A Christmas Carol, Applebee's, Boston Logan Airport, Charles Dickens, Ebenezer Scrooge, Enterprise Car Rental, Holiday Inn Express, Toyota Highlander, Vaillancourt Folk Art, Washington DC, Waynesboro, Waynesboro Theater
Having just about settled into life at the AC Marriott, life in Worcester and life with the Vaillancort family, on Monday morning it was time to move on, and quite early in the morning, too. My flight from Boston airport was due to depart at 9.45 am, but I have been caught out by the very busy Logan airport before, and decided that I needed to be in the terminal 2 hours before my flight, at the very least – add to that a Monday morning Boston rush hour, and the need to get a shuttle bus from the car rental building and I had decided to leave my room at 6.15. Fortunately, I was still in a sleep pattern that saw me waking at around 4.30, so I had plenty of time to carefully pack my cases and get on the road.
Initially my phone refused to find a network, leaving me with no way to navigate, but my experience of many years coming to Worcester meant that I knew which roads to take out of the city, and I was well on my way before the map screen flickered into life and told me that I had more than an hour left in my 40-minute journey: I was glad that I had built plenty of time into my morning, and sure enough I was soon crawling along in very heavy traffic, although I was rewarded by one of the most beautiful sunrises I have seen in a long while
As the skyline of Boston appeared so the traffic slowed to a crawl and then a standstill. My spare time was ticking away, but then, deep under the city, in the tunnels that were still being dug when I first visited, I was directed towards Logan airport, and the road cleared again and in no time I was handing my Nissan back to a Hertz agent and pulling my cases into the terminal, which was much quieter than I had supposed. Once I cleared security my thoughts could turn to breakfast, and I found a diner and was shown to a table. There was a gentleman at the table next to me, and after a few minutes he lent over, pointing at my ‘GD A Christmas Carol’ logo, ‘Are you in that play?’ he asked. I explained that I did a one-man version of it and had just performed locally. He went on to tell me that he had been to see a version of it in Providence Rhode Island, in which the gender of many of the characters had been reversed (I mean that Scrooge was female, not that he had undergone surgery), and he had NOT enjoyed the show, neither had his brother-in-law who had booked 40 tickets for all of his family. I suggested that maybe next year they should all come to my show instead – they could be sure of a much more traditional rendition of the story. I never told him about the family connection, just about the show, and we chatted for a long time about theatre in general (he had studied to be an actor in New York City many years before). It is amazing the doors that a simple embroidered logo can open. The gentleman’s name was Richard, and it was one of those incredible occasions that happen every now and then when two worlds, completely separate, just touch for the briefest moment. Richard finished his breakfast and left for Iowa where he was going to shoot some deer, I finished mine and set off to Virginia, where I had a date with a theatre audience.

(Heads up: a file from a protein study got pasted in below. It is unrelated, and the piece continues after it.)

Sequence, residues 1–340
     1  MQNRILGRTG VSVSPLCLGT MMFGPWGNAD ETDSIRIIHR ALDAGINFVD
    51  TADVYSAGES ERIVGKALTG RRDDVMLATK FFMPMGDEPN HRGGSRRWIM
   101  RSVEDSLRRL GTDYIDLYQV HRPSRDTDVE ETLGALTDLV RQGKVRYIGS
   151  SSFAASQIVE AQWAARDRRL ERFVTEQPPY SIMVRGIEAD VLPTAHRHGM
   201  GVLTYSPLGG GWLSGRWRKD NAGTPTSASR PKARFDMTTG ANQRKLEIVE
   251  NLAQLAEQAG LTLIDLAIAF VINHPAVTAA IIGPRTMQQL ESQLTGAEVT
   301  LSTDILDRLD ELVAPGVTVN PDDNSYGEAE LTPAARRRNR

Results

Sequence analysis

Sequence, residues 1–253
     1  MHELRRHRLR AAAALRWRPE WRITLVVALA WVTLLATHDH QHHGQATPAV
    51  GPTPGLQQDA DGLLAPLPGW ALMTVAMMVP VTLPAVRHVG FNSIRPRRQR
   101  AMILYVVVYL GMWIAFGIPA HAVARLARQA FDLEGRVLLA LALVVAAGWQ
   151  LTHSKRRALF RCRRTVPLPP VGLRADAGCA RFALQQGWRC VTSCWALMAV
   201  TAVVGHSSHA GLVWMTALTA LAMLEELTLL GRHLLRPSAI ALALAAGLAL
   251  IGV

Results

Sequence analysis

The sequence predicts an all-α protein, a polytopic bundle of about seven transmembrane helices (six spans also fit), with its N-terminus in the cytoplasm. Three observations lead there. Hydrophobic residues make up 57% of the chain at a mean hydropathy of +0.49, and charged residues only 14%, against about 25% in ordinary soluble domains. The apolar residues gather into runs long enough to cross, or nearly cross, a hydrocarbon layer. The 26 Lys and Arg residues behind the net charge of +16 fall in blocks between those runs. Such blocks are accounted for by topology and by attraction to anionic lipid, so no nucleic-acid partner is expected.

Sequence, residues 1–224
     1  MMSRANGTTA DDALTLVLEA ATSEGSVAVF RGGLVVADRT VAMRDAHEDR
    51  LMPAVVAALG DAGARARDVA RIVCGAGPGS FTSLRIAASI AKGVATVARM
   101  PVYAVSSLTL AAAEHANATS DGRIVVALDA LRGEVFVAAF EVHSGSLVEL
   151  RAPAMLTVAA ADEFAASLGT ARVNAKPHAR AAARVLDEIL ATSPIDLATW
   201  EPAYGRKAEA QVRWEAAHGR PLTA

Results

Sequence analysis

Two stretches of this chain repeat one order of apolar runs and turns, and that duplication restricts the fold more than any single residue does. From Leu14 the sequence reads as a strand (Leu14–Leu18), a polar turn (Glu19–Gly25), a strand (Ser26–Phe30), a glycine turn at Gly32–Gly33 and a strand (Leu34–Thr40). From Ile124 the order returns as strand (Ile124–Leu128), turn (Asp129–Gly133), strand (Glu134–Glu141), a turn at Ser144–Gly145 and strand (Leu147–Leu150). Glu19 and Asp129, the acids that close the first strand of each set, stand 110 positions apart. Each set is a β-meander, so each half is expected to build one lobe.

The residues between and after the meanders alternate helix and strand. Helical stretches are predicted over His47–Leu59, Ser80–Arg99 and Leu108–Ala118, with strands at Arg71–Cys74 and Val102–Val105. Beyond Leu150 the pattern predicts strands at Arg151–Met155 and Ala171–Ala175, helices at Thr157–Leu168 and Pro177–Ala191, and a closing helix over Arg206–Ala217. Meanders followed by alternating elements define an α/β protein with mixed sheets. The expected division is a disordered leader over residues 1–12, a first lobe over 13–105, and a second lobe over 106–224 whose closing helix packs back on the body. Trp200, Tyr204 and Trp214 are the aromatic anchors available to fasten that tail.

As I made my way from the diner to my gate, I was overtaken by an airline pilot running very hard, as if he were in danger of missing his flight; ‘relax, I thought, ‘the plane’s not going to leave without you, is it?’ The first leg of my flight was from Boston to Washington DC, and as I took off , I was treated to an incredible view of the new international terminal building at Logan – a great slash of colour, a crescent of Ferrari red. It is so refreshing to see some real architectural expression go into a building such as this, rather than just the usual never-ending re-working of existing and dated structures. I am sure some won’t like it, maybe there is already a heated dialogue about the design, but on Monday morning I liked it!
The flight to DC was uneventful and once at Dulles I had to make my way to a little part of terminal A, especially for little planes – it was like a children’s play area, recreating a ‘real’ airport. I grabbed a cup of coffee and waited to be boarded. It was one of those gates that service four or five flights, all of the jets parked around on the tarmac, so it is essential to make sure you go to the right aircraft, or you may find yourself in a completely different city to the one you had planned. I walked across to a plane and reassured myself that it was indeed heading to Charlottesville, Virginia, and walked up the steps to the door. There is something very special about standing on the top of a set of stairs and standing outside the hatch – it brings images of the great world leaders making state visits, or of the Beatles arriving in New York City in 1964.
I thought about turning for a moment and waving to imaginary adoring crowds, but instead simple wished the flight attendant ‘good afternoon’ and made my way along the very narrow aisle to my seat in row 31.
When we were all settled in, the captain came on to update us on our flight – once airborne it would last 20 minutes, less of a flight than a long bump. Charlottesville airport is one of those brilliant facilities where you can sort out your rental car while waiting for the baggage carousel to tremble into life. On this occasion I was picking up a car from Enterprise and was given a Toyota Highlander – I didn’t know what that was, but for a single day I was sure it would be fine. When my case arrived, I walked to the parking lot and found a large black SUV waiting for me, which was very comfortable and spacious.